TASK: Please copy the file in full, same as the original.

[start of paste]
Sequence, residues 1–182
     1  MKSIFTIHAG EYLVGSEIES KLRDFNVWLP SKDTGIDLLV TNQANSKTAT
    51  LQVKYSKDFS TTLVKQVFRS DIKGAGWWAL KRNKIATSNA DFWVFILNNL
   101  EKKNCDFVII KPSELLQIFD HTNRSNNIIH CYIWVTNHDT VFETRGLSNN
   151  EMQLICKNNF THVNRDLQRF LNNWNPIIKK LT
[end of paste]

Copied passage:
Sequence, residues 1–182
     1  MKSIFTIHAG EYLVGSEIES KLRDFNVWLP SKDTGIDLLV TNQANSKTAT
    51  LQVKYSKDFS TTLVKQVFRS DIKGAGWWAL KRNKIATSNA DFWVFILNNL
   101  EKKNCDFVII KPSELLQIFD HTNRSNNIIH CYIWVTNHDT VFETRGLSNN
   151  EMQLICKNNF THVNRDLQRF LNNWNPIIKK LT